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February 28, 2013 11:52 am
When Taiwan’s President Ma Ying-jeou was a child, the streets echoed with the government’s pledge to eliminate China’s leader Mao Zedong and reconquer mainland China.
Now, Mao can be seen again in Taiwan, not on political posters, but on new adverts for retail savings accounts in renminbi, featuring the late communist ruler’s face.
Taiwan is now the second major market after Hong Kong able to clear renminbi as China slowly internationalises its currency. Although Taiwan’s capital, Taipei, is not a gleaming hub of finance, the island is China’s fifth largest trade partner, and thousands of local companies, both large and small, work throughout the mainland.
Initial appetite for renminbi has been voracious, with over Rmb1.3bn ($209m) going into retail accounts on the first day Taiwanese banks began accepting deposits earlier this month.
“Definitely Taiwan will be a huge market for renminbi. A lot of Taiwanese companies are doing real business in renminbi,” says Massimo Guiati, chief investment officer at An Zhong Investment Management in Hong Kong. He expects Taiwanese renminbi deposits to reach Rmb250bn-Rmb300bn in the next two to three years, an important new pool of liquidity at a time when renminbi deposit growth in Hong Kong has stalled.
Renminbi traded in Taiwan will go by the name CNT, as opposed to Hong Kong’s CNH and CNY, the onshore renminbi.
Investable assets are also in the works. This week Chinatrust sold Taiwan’s first offshore renminbi bond, dubbed a “renminbi Formosa bond”, after the island’s former name. The bank’s Rmb1bn note, which matures in 2016, sold at 2.9 per cent, compared with an average for renminbi bonds in Hong Kong of 3.9 per cent, as measured by Bank of China.
While the Taiwanese market is likely to be far more domestically driven than that of Hong Kong, analysts say it could have an important role in the global market for offshore renminbi bonds, and breathe new life into China’s currency project.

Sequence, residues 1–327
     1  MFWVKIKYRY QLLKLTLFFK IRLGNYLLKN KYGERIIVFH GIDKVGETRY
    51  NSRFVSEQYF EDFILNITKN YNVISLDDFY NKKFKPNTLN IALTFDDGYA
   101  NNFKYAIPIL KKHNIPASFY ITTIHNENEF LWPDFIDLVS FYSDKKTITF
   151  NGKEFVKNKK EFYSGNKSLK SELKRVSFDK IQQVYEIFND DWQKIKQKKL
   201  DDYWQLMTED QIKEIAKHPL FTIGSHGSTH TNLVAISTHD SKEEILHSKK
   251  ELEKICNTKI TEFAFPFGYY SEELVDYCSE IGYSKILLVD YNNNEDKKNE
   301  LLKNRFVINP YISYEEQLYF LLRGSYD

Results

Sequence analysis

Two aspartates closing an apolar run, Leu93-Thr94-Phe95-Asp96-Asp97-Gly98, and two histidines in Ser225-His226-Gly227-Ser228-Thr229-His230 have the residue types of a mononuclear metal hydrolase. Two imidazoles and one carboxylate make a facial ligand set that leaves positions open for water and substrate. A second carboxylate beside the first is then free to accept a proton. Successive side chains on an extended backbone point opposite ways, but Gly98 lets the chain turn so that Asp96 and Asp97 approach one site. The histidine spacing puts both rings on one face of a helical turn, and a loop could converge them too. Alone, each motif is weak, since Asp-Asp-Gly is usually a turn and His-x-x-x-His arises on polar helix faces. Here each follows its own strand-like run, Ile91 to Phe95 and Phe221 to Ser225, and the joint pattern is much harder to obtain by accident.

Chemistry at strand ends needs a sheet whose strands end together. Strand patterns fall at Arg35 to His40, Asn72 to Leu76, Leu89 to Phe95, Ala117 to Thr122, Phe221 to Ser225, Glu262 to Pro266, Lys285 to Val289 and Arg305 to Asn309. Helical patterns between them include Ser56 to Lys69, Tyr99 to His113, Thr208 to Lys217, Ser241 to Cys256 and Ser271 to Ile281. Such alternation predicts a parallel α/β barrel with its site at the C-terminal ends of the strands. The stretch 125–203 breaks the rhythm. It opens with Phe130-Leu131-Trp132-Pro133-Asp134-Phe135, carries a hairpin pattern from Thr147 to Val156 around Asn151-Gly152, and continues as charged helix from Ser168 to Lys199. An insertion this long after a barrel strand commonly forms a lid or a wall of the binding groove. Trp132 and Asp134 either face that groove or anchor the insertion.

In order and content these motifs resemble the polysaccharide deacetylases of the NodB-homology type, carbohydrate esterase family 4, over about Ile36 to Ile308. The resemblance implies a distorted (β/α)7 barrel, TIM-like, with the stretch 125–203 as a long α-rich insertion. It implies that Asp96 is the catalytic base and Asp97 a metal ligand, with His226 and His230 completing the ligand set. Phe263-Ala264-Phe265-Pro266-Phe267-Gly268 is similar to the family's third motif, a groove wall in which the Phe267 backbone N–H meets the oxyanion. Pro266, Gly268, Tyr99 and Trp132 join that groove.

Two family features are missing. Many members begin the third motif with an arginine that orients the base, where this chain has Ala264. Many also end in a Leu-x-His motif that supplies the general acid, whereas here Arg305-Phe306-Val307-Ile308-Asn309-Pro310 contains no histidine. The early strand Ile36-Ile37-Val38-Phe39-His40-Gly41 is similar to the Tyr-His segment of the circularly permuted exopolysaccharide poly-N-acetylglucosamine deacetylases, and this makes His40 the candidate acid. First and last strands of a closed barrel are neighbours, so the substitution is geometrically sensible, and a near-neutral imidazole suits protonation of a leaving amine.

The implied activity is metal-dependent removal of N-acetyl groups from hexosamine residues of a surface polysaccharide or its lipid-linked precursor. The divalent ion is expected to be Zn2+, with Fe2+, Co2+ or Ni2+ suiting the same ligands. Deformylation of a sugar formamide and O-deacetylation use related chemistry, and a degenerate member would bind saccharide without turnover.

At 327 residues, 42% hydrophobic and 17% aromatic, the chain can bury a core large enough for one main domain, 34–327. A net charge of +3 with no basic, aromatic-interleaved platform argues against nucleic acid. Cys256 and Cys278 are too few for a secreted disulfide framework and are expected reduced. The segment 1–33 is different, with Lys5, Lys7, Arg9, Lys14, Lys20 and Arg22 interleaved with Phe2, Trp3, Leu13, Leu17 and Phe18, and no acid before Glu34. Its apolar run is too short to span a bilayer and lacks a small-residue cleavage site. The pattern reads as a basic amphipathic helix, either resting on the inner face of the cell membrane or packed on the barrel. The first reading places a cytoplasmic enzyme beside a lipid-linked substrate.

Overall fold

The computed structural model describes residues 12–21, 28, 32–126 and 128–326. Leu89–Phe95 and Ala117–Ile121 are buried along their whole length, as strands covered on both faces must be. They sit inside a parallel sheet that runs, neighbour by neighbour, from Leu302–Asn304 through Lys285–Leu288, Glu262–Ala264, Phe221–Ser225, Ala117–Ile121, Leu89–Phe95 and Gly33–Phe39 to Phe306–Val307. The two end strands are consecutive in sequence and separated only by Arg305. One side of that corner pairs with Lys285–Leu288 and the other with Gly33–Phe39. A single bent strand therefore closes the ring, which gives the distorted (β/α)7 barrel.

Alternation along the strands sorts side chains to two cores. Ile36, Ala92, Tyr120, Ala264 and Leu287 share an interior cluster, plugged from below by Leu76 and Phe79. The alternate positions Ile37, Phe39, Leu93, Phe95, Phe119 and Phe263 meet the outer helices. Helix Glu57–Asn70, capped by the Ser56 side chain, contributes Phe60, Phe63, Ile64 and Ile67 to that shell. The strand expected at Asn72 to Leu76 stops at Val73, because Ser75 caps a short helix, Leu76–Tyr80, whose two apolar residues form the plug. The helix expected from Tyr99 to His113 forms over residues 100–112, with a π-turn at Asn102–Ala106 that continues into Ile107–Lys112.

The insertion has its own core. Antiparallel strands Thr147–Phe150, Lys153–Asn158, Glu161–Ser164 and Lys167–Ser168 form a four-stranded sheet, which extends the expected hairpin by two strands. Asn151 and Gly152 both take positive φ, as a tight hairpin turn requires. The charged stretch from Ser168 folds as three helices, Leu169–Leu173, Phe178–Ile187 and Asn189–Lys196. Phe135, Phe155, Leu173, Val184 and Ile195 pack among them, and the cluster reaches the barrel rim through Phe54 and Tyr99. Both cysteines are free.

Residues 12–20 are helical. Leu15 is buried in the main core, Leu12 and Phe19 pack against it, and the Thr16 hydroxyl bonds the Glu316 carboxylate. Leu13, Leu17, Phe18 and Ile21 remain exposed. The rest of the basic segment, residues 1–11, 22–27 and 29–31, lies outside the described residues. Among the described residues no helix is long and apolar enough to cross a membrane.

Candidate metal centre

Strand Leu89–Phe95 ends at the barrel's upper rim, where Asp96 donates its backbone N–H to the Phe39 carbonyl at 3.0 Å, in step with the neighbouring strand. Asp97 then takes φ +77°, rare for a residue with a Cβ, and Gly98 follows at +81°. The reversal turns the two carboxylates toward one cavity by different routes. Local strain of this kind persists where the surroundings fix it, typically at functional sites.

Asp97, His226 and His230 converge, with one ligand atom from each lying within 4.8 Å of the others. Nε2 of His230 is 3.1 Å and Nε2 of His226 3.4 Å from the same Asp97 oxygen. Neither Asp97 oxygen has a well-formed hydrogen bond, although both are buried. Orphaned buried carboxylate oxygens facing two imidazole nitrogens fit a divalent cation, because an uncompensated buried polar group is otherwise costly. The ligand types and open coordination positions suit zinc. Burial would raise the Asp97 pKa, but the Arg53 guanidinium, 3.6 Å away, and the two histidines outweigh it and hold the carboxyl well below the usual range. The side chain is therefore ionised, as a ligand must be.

Currently, renminbi bonds issued in Hong Kong, known as “dim sum” bonds, are almost exclusively short in tenor. As many issuers opt to raise money in renminbi and transfer those funds back into US dollars, the maximum maturity is restricted by the liquidity in the currency swap market. A lack of clarity on when China might liberalise its capital account and provide international investors with greater access to onshore assets has also kept the typical duration to just two or three years.
However, the addition of Taiwan’s market, thanks to the longer-term investment needs of its large insurance industry, could change that. Analysts say that borrowers tapping into Taipei’s offshore market may be able to hit much longer tenors, such as 10 or 15 years. Taiwanese companies are also more likely to use the renminbi for investment rather than swap it.
“Most Taiwanese corporations will probably prefer to use the renminbi if they want to make any foreign direct investments. I suspect most of them will have a real use for the renminbi rather than just use it as a funding currency,” says Linan Liu, greater China rates strategist at Deutsche Bank.
Yields on renminbi bonds are expected to be higher than in Taiwan’s local currency market, as has been the case in Hong Kong. While that should be tempting for Taiwanese investors, it may prove a stumbling block for local issuers.
“The key challenge you will face is whether or not people want to or need this high-cost funding or [if they will] borrow Taiwan dollars, which is cheaper,” says Jerry Yang, a Taiwan banks analyst with Daiwa Securities.
Restrictions on how Taiwanese companies can invest their proceeds onshore will also be a problem for those looking to borrow in renminbi, says Peter Kurz, head of Taiwan research at Citi.
Growth in Hong Kong’s offshore renminbi debt market slowed in 2012, with both deposits and dim sum bond issuance falling.
Aside from adding a fresh source of renminbi liquidity, the move to make Taiwan the second offshore centre for renminbi is part of a much broader effort by Mr Ma and the Beijing government to stabilise relations and deepen economic ties following decades of political dispute.
But the pace of renminbi internationalisation also appears to be picking up. Earlier this month, Singapore became the third location to have a bank appointed to handle renminbi clearing, while the Bank of England and the People’s Bank of China last week said they were in talks to set up a currency swap line between the UK and China.
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